CAMPAIGNERS are continuing their push to win transport concessions for international and postgraduate students in Victoria.
Around 35 representatives from 15 organisations gathered at RMIT University’s city campus on Swanston St for the Concession Card Coalition’s (CCC) first meeting last Wednesday night.
Members included students from Monash, Swinburne, RMIT and Melbourne University.
The meeting follows a fair fares protest rally – held in April, led by Melbourne University’s Graduate Student Association (GSA).
A petition signed by some 10,000 people was also handed to the State Government at the protest.
But the meeting’s convenor, GSA president Paul Coats, said the State Government remained “silent” on the issue.
“The State Government is behind the eight ball when dealing with foreign students … especially now with the recession and violence against Indian students, there just isn’t enough being done to support them,” Mr Coats said.
Electronic engineering student from Malaysia, Hanif Yaacob, said Australia compared poorly to other countries when it came to looking after its international students.
“I studied in the UK for years and international students received concession fares there,” he said.
Mr Yaacob said many of his friends in Malaysia had been “looking closely” at studying in Australia, but chose against it in the end.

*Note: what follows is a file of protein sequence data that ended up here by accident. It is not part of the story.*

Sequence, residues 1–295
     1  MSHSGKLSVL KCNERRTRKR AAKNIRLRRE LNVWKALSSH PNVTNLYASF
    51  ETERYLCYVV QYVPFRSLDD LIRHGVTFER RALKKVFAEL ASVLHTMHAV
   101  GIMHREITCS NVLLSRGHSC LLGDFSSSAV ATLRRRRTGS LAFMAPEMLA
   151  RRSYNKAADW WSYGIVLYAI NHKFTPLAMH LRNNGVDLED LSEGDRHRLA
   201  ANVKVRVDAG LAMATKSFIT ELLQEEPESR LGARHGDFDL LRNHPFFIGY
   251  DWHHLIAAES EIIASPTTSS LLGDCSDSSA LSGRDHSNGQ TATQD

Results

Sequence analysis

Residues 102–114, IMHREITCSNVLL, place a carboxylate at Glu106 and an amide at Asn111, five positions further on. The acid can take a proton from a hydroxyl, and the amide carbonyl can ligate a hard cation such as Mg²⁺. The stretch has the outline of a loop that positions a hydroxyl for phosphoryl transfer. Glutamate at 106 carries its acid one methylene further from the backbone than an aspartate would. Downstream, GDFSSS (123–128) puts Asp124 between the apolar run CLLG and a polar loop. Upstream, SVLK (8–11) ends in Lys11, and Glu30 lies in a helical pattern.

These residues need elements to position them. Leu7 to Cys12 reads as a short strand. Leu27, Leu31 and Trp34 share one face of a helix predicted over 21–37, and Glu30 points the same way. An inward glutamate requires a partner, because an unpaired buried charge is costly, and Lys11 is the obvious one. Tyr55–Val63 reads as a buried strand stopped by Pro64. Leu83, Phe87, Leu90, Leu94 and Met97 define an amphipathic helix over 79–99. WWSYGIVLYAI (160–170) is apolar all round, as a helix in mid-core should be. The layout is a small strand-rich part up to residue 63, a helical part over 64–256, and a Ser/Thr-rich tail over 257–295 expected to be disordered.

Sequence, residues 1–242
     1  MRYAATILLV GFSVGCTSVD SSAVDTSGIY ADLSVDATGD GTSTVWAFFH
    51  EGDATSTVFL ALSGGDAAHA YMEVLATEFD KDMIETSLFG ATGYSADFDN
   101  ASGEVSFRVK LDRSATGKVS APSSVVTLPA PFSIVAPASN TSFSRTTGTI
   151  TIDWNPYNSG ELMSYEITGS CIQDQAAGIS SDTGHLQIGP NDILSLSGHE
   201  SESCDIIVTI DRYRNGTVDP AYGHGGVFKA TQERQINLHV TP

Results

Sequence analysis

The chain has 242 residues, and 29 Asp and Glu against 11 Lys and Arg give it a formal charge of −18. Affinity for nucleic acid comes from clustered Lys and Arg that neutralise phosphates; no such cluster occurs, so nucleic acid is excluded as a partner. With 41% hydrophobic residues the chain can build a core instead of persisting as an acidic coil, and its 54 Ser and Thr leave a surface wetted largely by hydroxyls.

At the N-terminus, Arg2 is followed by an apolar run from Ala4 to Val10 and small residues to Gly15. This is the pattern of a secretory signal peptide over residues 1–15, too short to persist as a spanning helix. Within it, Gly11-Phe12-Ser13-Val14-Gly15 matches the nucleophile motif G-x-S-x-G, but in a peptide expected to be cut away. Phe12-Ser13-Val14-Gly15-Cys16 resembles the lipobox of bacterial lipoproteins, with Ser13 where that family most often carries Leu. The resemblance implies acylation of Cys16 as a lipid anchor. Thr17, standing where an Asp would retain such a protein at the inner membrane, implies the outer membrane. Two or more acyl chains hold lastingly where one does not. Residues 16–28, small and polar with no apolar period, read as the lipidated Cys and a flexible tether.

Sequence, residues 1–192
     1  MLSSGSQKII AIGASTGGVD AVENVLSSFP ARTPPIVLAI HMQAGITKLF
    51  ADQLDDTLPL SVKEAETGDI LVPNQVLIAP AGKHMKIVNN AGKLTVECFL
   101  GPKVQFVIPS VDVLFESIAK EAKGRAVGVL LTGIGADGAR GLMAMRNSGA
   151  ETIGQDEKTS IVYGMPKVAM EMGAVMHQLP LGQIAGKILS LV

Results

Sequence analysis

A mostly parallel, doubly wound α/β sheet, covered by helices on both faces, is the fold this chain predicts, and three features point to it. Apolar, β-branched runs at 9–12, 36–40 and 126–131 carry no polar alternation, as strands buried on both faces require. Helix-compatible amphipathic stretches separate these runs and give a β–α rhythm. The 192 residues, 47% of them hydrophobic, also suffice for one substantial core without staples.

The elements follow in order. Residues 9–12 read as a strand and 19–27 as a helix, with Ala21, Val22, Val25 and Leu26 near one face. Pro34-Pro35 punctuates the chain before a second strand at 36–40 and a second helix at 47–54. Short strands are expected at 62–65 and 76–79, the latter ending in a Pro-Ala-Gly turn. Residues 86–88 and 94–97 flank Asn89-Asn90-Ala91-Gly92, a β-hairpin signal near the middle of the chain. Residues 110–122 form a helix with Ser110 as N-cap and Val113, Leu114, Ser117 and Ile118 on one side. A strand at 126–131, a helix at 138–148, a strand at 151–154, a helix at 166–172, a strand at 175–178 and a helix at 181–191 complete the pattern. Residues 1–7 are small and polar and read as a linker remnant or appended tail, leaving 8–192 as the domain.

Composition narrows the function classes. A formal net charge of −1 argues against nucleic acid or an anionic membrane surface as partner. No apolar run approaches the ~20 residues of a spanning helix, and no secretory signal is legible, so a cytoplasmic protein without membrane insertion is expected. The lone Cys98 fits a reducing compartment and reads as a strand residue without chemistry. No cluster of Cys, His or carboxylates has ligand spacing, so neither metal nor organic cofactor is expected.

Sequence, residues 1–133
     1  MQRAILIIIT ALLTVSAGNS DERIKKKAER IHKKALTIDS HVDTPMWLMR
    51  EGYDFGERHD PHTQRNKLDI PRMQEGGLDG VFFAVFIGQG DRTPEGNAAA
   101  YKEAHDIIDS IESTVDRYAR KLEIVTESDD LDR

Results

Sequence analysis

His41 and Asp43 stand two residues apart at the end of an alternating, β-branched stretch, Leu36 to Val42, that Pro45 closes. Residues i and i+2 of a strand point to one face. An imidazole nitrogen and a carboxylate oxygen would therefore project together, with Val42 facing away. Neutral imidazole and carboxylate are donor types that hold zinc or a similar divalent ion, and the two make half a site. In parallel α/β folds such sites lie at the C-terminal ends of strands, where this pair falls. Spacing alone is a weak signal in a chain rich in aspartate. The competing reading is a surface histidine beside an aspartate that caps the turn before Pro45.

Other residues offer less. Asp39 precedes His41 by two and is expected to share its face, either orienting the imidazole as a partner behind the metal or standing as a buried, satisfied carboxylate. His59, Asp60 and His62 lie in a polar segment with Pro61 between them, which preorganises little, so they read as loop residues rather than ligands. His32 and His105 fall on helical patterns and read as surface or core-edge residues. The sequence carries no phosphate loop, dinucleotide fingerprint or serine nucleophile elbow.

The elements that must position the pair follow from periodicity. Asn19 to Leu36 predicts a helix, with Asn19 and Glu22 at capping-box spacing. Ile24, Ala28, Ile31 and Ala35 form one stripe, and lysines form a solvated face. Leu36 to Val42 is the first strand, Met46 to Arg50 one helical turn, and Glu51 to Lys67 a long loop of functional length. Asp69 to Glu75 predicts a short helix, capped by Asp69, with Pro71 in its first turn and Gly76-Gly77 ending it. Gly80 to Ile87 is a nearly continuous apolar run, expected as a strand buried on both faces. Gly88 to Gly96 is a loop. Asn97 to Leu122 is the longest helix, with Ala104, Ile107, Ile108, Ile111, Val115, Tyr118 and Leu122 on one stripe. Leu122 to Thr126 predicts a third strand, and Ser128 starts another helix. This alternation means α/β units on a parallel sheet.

“It costs so much to study here. I have a job and pay tax like everyone else, so why can’t I get concession like other students?” he said.
Federation of Indian Students of Australia spokesman Gautman Gupta, said not enough money was being pumped back into services for students from Australia’s $15.5 billion international student industry.
Mr Gupta said nearly every other country offered concession travel as a basic service, with some going as far as employing multilingual speakers at train stations to aid international students.
“Many Indians look at what Australia offers compared to other countries, and just think they’re not welcome there,” he said.
Stephen Moynihan, spokesman for public transport minister Lynne Kosky, did not respond to Meld Magazine’s queries before deadline.
The CCC is planning to hold their next protest on August 12.